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Paul Mattick

The Story of Japanese Imperialism

Review of Eastern Menace, The Story of Japanese Imperialism. Published by the Union of Democratic Control, London. Source International Review, !ew "ork, !ovember #$%&' (ranscribed by )dam *uick' Proofed and corrected by +eoff (rau,h, -uly .//0.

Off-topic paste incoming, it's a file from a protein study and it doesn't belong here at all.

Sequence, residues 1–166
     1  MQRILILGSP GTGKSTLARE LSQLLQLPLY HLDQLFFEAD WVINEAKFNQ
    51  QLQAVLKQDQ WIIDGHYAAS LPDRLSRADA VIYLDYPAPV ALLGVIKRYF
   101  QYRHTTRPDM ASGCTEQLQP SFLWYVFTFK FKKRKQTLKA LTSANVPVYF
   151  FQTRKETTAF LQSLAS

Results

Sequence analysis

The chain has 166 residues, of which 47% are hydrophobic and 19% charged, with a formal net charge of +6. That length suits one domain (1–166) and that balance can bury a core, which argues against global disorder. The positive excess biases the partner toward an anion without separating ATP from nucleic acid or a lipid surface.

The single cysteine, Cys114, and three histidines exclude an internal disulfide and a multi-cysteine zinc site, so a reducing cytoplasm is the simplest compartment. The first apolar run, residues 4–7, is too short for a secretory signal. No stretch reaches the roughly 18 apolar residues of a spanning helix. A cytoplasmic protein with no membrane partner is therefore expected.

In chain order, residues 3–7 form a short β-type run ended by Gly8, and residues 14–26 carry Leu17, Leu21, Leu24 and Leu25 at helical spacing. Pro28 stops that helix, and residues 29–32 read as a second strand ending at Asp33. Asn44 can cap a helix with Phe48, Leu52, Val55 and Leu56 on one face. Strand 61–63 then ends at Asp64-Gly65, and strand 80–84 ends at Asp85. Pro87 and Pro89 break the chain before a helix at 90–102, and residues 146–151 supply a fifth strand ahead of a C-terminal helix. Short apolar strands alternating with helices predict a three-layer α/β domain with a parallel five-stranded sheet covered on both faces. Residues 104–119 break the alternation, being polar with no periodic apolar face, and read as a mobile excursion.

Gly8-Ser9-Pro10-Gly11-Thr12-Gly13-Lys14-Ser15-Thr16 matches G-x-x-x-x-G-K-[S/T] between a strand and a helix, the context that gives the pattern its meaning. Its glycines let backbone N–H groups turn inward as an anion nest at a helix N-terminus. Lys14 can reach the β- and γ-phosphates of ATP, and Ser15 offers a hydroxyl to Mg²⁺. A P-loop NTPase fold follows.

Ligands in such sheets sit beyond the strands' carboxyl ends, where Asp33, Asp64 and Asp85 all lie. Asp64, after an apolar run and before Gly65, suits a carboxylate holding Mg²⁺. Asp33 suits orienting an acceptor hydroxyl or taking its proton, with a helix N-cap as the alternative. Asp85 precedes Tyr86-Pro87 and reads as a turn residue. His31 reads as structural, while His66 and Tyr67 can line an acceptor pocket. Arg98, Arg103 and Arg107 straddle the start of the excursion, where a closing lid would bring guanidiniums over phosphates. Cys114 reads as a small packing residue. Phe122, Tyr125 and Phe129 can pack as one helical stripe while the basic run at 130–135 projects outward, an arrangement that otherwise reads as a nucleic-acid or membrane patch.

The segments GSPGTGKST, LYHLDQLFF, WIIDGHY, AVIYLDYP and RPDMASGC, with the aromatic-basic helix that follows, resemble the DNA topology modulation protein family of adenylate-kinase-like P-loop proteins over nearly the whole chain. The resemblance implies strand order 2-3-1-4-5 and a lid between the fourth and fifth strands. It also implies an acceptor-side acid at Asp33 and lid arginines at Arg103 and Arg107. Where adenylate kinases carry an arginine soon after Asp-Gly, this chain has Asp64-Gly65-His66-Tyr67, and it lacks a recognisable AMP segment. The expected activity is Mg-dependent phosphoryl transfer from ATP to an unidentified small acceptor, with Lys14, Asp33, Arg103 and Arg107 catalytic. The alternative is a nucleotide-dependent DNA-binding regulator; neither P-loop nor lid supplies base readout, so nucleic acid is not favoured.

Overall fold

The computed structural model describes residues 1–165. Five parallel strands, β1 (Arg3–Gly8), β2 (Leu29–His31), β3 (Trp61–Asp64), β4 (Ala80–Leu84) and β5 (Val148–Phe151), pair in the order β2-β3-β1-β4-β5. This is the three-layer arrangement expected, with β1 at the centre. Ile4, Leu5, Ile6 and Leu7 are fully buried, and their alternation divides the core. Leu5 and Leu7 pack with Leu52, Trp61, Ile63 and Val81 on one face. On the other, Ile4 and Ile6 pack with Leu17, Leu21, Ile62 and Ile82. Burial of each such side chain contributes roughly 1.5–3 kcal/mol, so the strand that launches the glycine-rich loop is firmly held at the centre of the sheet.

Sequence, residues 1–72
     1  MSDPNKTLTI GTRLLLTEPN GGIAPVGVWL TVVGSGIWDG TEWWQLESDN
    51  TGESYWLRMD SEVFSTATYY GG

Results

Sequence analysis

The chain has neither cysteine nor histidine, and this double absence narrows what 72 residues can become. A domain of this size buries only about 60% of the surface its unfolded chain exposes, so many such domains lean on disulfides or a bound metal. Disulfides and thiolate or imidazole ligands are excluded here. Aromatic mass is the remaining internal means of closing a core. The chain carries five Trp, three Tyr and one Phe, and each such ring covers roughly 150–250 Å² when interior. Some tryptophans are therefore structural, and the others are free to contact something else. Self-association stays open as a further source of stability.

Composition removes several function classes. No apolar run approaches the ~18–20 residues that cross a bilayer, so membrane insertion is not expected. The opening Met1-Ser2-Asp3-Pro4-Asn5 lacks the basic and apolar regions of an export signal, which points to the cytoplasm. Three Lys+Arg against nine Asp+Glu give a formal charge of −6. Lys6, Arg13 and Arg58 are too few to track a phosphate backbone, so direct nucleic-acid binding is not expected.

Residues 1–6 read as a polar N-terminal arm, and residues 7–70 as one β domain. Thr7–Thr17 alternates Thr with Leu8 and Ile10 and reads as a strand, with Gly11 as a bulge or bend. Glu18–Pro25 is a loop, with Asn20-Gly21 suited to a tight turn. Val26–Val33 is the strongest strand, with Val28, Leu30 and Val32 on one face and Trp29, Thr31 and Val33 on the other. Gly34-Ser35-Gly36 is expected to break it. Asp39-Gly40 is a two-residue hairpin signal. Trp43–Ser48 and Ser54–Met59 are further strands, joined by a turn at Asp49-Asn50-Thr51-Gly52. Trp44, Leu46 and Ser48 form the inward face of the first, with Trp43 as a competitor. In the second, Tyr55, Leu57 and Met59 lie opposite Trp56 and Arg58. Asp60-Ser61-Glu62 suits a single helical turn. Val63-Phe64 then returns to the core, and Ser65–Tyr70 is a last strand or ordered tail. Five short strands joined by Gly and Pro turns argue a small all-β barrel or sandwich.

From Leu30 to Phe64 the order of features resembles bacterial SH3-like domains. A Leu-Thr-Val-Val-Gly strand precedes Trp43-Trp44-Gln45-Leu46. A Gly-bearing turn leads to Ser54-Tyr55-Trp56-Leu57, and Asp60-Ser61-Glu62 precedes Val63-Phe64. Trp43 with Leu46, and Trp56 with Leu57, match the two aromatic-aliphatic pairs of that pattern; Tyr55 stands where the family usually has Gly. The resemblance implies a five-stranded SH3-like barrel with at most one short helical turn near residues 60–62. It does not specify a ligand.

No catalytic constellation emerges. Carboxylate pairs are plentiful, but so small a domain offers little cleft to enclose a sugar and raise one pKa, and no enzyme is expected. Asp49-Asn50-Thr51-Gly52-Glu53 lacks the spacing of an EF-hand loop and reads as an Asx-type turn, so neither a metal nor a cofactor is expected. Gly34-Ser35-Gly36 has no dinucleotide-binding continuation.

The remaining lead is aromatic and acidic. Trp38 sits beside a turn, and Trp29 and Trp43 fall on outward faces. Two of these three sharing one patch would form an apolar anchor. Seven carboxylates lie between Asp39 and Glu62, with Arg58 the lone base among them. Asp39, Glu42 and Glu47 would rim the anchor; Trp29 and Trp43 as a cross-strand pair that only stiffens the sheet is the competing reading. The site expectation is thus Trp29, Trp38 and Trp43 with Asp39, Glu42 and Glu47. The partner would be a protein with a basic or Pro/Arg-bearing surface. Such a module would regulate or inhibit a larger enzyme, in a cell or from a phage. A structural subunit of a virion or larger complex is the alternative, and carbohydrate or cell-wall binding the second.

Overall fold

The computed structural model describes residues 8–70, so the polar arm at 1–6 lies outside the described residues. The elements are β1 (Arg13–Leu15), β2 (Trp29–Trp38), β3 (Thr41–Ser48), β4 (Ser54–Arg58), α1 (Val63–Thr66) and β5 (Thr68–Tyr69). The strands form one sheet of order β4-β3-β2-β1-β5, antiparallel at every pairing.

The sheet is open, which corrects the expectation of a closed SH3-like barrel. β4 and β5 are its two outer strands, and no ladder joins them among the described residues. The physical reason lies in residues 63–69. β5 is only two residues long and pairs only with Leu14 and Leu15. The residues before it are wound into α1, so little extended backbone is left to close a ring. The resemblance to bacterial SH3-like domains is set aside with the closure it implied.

(his document is addressed to the *ritish 12ublic,3 which is to be warned a,ainst the wiles of -a2anese im2erialism. 4t aims to influence *ritish 2olicy 5by which yellow im2erialism was 1half su22orted and half feared36 so that the 7n,lish may come out o2enly a,ainst -a2an. (he latter, we are told, 1is or,ani8in, a "ellow 7m2ire with the avowed 2olicy of endin, the rule of the white man in the 7ast, and if she does fi,ht Russia, the war will 2robably involve us all.3 (he Union of Democratic Control 2refers the rule of the 1whites3 to the rule of the 1yellows,3 and it is ,lad that 1the onward march of the -a2anese has been tem2orarily checked by the enormous military 2re2arations of the Soviet Union on her 9ar 7astern frontiers.3 :owever, 1-a2anese a,,ression would still further be checked if +reat *ritain, the U.S.). and Russia were willin, to coo2erate in the 9ar 7ast. (he U.S.). and Russia have already shown their willin,ness. (he determinin, factor is the 2olicy of the *ritish ,overnment, which has hel2ed -a2an to become the most serious rival of *ritish trade and the bi,,est threat to 2eace in the Pacific.3 (he risin, yellow com2etition ; with the e<ce2tion of the similarly yellow Chinese, whose favor is courted ; is to be met by a united front of the white im2erialists. (he authors lay stress u2on the 2eculiarities of -a2an brou,ht about as a result of its retarded develo2ment alon, the 2ath of ca2italistic im2erialism, and which they attack with the usual ar,uments about dum2in,, low wa,es and military rule. 4n order to assert itself a,ainst the world in which ca2italism has already taken firm root, -a2anese ca2ital was obli,ed, in s2ite of its feudal backwardness, to ado2t an e<treme centralism. (he close union of Ca2ital and State, which first a22ears as a result of the 1normal3 2rocess of ca2italist develo2ment, was in -a2an the necessary 2resu22osition of successful ca2itali8ation. Closely connected with this circumstance are the fascist character of -a2anese 2olicy and the numerous inner contradictions that are an e<2ression of the difficulties of ada2tin, the various class and ,rou2 interests to the ra2idly chan,in, economic situation. (he stron,er, however, the inner friction, the ,reater is the ur,e to outer e<2ansion and the more 2ronounced the nationalism of the country. (he more a,,ressively the 2olicy of e<2ansion is conducted, the more intensively must the workers and 2easants be e<2loited and the ,reater in turn must be the develo2ment of im2erialism. -a2anese im2erialism is not a s2ecial form of 2henomenon' it comes forth more une=uivocally because at each ste2 it comes into conflict with the im2erialisms already established. 4n order to make this com2etitive stru,,le a,reeable to the 7n,lish workers, they are told that their unem2loyment is due in lar,e 2art to the unfair com2etition of the -a2anese' they must defend themselves a,ainst -a2anese im2erialism. >hat, however, will the unem2loyed of -a2an be told in case -a2an should be beaten down by the united front of the whites? 4n reality, whether it is -a2an or 7n,land that e<2orts cotton 2ieces to 4ndia should be a matter of indifference to the workin, 2o2ulation, for considered as a whole it makes no difference whether the -a2anese or the 7n,lish workers are without @obs. 4t never occurs to the Union of Democratic Control that the workin, class is =uite in a 2osition to do away with the entire de2endence on the laws of the market and could thus com2letely dis2ose of the 2roblems discussed in the 2am2hlet. Astensibly, -a2anese im2erialism is a 2articularly bad im2erialism. 4ts com2etition is es2ecially evil. 4t is combatted in the interest of the more res2ectable im2erialisms. (he stu2idity of such a 2osition makes it inconceivable that the 2ublishers of the Eastern Menace themselves believe in it. >e are rather 2resented here with the 2re2aratory war 2ro2a,anda, directed a,ainst the enemy of Russia. 4t is desired to mobili8e the workers, to,ether with their ca2italist e<2loiters, for the defense of Russian interests. (he only ob@ection that may be made here is that the stru,,le a,ainst im2erialism in -a2an 2resu22oses the stru,,le a,ainst oneBs own im2erialism in other ca2italist countries. 4f one stren,thens his own im2erialism, as the Union of Democratic Control endeavor to do, he necessarily stren,thens also the -a2anese. *ut, of course, these 2eo2le have in reality nothin, a,ainst im2erialism itself. (hey merely want to eliminate that of their o22onents. (hat is to say the Union of Democratic Control re2resents the >estern Menace as a,ainst the 7astern.